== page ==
Clarifying Your Purpose and Creating Website Goals

Clarifying Your Purpose and Creating Website Goals

Many brands walk into website design knowing what others in their niche are doing and trying to emulate that. Unfortunately, if you copy what’s already out there for websites, the best you can hope to do is be equal to existing websites. If you want your brand to stand out and do new things, you need to go into website creation with a goal-driven mindset. Instead of setting up a website and ticking all the boxes that marketers recommend you tick, you can craft a strategy for success.

Why Do You Need to Clarify Your Website’s Purpose?

By knowing the purpose of your website, you can make decisions, create SMART goals, and make design decisions that work in your favor.

To explain this, we’ll look at two theoretical companies. 

The first company is a plumbing company based in rural Maine. The purpose of their small business website would be to support their existing business, drive local search traffic to their contact information, and improve local brand awareness.

Now consider an eCommerce company that sells bathroom linens to hotel chains. The purpose of their website would be to improve national brand awareness and make sales.

Although both of these companies are in the bathroom industry, their websites have very different purposes. Once they understand the purpose of their site, they can begin to design a website that supports that purpose. For example, the plumbing company might design a website that shows a map of areas they support and they might highlight their “About” page, whereas the eCommerce company would want to make navigating their product offerings and setting up billing contracts their top priority.

How Do You Set Strong Website Goals?

Once you know your website’s purpose, you can begin setting goals. We recommend SMART Goals. SMART stands for Specific, Measurable, Attainable, Relevant, and Time-Based.

Specific Goals

Ask any website owner the goal of their website, and they’ll likely give an answer along the lines of “drive more organic traffic to my website” or “increase brand awareness” or “make more sales.” These are generic goals. Specific goals, on the other hand, point to how you’re going to do those things. Are you going to increase your social media presence? Improve newsletter open rates? Change your website’s Google rankings?


Your goal needs to be something you can measure. This helps you evaluate whether you’ve been successful. If you just say that you want to “rank higher in Google,” it’s pretty difficult to decide when you’ve accomplished that task. But if you say “I want to rank 2 spots higher in Google for X keyword,” you can determine exactly when that goal is achieved.


You want to have success in your business. So your SMART goal needs to be something you can actually achieve. Words like “best” or “number one” are rarely your friend in these cases. Look at what you’ve achieved in the past, and create a goal that is doable and that will further your business overall.


You want your overall goal to support the purpose of your website. So, for example, the plumbing company we discussed wouldn’t want to create a website goal of “selling 3% more toilet seats,” because even if they have toilet seats, the purpose of their site isn’t to sell things — it’s to improve local brand awareness.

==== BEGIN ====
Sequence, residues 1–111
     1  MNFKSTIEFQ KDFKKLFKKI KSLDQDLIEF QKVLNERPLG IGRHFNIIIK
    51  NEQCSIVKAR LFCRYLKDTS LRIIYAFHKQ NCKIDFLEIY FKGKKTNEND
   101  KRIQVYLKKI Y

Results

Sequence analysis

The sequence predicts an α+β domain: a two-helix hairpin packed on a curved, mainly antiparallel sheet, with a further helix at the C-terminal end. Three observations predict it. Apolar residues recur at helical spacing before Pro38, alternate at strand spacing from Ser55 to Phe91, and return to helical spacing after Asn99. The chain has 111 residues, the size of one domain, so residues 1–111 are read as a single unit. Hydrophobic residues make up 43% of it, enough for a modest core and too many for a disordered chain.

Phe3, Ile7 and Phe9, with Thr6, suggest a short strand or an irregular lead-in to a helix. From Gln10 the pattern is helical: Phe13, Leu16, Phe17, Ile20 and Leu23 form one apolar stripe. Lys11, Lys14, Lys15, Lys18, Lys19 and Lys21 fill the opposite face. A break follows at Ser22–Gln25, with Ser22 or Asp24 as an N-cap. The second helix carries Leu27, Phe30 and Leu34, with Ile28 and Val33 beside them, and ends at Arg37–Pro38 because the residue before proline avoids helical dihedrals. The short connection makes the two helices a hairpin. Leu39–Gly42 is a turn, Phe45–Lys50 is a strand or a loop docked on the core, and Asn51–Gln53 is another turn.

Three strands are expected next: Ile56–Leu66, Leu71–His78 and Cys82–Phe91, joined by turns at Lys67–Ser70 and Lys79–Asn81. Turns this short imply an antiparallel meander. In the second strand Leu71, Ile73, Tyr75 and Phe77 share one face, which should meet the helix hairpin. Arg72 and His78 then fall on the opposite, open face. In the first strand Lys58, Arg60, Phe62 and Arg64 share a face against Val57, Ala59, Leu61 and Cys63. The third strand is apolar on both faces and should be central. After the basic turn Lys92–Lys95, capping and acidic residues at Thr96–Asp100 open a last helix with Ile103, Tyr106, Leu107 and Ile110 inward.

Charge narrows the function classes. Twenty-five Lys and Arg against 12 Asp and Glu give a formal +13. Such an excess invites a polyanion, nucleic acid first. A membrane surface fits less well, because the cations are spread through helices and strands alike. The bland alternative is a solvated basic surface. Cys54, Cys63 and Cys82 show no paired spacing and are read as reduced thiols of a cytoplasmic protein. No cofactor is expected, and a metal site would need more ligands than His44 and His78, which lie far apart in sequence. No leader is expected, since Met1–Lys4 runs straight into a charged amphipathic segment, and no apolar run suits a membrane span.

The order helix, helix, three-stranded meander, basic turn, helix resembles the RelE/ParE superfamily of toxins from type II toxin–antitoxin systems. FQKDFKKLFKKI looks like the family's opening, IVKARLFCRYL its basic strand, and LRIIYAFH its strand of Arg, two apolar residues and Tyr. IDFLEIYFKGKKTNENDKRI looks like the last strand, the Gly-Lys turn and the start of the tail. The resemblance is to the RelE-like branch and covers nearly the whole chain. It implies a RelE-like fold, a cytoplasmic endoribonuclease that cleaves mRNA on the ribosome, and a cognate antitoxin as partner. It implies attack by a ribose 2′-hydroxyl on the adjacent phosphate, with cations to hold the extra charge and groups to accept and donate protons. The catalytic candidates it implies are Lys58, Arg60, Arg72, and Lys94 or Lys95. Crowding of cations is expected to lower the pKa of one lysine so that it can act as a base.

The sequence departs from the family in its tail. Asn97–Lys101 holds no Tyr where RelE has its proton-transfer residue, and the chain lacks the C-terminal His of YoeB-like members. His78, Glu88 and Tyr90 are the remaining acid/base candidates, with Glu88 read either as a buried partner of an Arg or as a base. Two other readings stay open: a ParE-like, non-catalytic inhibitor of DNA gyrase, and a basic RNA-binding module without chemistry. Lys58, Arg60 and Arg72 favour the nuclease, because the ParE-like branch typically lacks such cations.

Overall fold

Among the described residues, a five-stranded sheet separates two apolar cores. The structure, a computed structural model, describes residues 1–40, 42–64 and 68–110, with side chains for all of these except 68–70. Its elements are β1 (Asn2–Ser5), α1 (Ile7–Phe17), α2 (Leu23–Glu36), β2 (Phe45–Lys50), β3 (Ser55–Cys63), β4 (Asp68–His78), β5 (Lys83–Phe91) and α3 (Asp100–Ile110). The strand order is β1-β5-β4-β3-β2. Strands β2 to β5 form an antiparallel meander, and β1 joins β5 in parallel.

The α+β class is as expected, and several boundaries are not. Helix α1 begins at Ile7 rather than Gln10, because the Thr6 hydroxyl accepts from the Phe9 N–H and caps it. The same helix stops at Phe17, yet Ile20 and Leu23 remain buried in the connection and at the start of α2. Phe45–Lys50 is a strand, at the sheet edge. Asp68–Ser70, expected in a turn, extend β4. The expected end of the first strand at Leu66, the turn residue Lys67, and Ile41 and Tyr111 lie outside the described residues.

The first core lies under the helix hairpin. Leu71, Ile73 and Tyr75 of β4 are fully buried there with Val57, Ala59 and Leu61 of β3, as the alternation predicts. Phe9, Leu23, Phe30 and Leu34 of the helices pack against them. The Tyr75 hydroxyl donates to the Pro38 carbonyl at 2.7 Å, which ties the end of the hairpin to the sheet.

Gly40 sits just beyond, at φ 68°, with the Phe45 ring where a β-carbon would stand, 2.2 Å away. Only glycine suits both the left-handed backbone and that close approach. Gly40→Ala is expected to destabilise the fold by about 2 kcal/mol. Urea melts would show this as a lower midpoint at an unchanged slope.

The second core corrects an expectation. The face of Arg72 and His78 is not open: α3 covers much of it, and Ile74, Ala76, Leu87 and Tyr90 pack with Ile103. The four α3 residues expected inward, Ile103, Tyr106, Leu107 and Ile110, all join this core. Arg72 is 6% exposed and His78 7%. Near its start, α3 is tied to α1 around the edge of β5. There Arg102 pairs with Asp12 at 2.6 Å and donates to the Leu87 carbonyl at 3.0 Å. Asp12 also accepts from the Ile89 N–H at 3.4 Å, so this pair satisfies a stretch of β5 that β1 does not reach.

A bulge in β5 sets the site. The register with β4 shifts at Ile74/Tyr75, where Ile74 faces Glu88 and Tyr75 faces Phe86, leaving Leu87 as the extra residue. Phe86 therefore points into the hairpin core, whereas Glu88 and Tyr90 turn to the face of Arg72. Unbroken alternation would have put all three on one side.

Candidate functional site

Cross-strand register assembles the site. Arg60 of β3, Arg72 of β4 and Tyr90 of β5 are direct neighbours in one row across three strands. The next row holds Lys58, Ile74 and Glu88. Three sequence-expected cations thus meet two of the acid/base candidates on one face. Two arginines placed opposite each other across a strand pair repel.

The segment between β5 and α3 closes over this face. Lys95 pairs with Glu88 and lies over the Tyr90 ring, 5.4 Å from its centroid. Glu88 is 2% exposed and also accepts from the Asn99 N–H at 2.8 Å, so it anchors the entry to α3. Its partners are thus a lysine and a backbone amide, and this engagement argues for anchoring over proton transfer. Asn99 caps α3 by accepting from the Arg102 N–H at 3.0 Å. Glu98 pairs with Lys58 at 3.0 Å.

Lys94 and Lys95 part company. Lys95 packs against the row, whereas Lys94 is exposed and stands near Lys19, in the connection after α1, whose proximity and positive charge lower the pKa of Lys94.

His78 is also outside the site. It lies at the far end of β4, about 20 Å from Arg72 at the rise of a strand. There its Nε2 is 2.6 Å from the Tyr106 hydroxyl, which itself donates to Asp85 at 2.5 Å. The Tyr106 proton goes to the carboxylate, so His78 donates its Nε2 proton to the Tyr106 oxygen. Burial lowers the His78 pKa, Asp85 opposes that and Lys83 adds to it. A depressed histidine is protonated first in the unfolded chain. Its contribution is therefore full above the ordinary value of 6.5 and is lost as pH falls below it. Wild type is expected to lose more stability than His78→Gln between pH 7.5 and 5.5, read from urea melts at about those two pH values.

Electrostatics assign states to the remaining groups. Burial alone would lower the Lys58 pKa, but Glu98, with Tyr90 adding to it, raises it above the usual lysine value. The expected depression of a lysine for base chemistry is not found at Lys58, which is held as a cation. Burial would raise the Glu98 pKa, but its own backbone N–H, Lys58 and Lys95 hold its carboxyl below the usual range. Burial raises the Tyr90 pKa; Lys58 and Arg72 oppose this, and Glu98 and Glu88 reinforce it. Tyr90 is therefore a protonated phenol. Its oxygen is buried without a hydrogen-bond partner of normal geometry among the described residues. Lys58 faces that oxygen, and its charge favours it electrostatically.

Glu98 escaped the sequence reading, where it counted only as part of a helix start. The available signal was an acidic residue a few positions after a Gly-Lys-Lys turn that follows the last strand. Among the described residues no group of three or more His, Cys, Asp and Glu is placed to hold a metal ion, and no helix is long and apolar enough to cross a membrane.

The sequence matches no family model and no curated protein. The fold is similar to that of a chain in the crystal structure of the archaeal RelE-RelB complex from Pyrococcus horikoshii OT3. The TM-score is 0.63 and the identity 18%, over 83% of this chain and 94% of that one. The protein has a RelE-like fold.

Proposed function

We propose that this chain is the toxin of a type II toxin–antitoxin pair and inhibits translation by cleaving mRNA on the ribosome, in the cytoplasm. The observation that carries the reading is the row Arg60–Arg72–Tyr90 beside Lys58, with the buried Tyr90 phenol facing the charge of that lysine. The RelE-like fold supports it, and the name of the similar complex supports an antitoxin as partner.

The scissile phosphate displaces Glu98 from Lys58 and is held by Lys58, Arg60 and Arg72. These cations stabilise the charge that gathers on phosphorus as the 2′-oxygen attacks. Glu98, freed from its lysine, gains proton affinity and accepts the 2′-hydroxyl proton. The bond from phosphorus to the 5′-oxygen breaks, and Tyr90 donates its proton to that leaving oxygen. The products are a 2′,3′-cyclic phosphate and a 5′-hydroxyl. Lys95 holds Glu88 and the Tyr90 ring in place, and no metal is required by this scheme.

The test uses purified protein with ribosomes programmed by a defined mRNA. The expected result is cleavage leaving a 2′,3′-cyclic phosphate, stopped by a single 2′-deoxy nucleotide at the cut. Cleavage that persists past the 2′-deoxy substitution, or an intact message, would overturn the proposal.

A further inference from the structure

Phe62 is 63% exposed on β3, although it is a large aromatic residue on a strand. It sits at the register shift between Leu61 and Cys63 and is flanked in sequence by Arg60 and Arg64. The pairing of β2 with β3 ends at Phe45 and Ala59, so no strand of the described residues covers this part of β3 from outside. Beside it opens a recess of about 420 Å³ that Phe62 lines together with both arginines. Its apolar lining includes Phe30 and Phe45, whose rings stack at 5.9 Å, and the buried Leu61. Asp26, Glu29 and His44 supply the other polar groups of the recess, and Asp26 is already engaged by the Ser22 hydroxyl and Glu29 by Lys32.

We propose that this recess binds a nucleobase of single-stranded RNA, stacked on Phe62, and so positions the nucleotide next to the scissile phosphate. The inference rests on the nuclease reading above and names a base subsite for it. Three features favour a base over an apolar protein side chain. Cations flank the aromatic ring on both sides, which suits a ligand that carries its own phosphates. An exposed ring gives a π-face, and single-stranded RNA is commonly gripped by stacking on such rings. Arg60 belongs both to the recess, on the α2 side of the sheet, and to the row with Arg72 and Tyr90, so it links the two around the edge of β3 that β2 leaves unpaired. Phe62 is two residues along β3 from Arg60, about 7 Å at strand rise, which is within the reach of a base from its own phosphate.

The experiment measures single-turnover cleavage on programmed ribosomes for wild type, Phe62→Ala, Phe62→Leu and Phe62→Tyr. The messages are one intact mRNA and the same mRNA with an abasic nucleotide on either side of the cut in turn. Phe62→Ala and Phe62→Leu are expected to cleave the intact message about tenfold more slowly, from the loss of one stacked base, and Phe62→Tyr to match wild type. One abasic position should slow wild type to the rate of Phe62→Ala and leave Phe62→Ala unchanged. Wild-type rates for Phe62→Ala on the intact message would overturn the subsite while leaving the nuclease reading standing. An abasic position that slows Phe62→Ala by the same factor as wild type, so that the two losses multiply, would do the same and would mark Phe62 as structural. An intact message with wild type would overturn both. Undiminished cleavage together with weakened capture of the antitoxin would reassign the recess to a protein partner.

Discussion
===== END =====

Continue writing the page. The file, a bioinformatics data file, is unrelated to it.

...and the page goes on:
Your goal needs a deadline. Having a hard line in the sand about when to achieve a goal lets your company know if you’re on track. If you complete a goal far in advance of your deadline, it’s a sign that you should set more ambitious goals in the future. If, on the other hand, you accomplish the goal far after the timeline you’ve given yourself, then either your goal was too ambitious or the strategies you used to accomplish your goal weren’t as successful as you were hoping for. 

How Do Your Goals Impact Your Behavior?

Goals work as a roadmap for your company. Having a limited number of attainable goals helps you make decisions about your company at every step in the website process.

Let’s look at our two pretend companies again for an example.

Our plumbing company has set the goal: “We want our site to rank in one of the Top 10 spots for Google for the keyphrase ‘Maine plumbing company’ within one year.” 

Based on this goal, they know that their focus should be spent on things like search engine optimization, peppering their content with local keywords, and paying attention to what competitors in their niche are doing. They might spend this year’s marketing budget on Facebook ads targeted to people who live in Maine — but they certainly wouldn’t spend this year’s budget on improving their newsletter, because that is not in service of their ultimate goal.

Now let’s consider the linen company. They set the goal: “We want to become the sole bathroom towel provider for one new hotel chain by the end of the quarter.” 

Based on this SMART goal, they would spend the next quarter focusing on advertising towel packages. They might draft content that shows why it’s best to have one committed towel provider for your hotel, or they might spend time attending trade shows for hotels. But they know not to worry about localized keywords or promoting their toothpaste line right now — those tasks don’t support their SMART goal.

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